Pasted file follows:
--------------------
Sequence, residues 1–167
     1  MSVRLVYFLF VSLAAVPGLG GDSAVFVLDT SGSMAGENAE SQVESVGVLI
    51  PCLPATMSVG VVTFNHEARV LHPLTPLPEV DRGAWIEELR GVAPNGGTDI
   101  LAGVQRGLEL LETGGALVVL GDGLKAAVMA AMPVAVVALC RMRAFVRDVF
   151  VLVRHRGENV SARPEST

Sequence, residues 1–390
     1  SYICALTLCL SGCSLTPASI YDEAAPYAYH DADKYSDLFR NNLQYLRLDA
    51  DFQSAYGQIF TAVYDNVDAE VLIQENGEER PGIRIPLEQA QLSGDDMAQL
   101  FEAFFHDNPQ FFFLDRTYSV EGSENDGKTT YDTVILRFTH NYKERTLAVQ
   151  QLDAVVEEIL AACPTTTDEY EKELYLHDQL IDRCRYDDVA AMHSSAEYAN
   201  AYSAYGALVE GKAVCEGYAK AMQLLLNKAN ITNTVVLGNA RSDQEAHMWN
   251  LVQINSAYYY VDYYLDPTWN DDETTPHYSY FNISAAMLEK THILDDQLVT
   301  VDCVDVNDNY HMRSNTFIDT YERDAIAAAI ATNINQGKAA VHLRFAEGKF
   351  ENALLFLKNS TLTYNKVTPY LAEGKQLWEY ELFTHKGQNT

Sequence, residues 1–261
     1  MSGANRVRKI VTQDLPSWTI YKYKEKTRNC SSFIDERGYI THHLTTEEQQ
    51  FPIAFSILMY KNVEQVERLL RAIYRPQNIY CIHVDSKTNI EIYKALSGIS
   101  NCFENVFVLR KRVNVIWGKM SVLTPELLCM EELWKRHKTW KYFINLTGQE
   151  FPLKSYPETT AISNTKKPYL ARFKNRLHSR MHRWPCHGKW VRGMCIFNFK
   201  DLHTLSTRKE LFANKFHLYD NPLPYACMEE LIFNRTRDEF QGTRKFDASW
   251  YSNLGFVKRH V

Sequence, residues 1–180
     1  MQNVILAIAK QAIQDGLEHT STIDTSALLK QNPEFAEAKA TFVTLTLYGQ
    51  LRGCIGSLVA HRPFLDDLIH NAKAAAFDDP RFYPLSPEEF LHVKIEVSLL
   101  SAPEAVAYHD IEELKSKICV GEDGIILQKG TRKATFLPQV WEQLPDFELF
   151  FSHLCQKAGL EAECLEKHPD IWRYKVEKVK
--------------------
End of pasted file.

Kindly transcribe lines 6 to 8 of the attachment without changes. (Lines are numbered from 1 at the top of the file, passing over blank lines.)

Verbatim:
Sequence, residues 1–390
     1  SYICALTLCL SGCSLTPASI YDEAAPYAYH DADKYSDLFR NNLQYLRLDA
    51  DFQSAYGQIF TAVYDNVDAE VLIQENGEER PGIRIPLEQA QLSGDDMAQL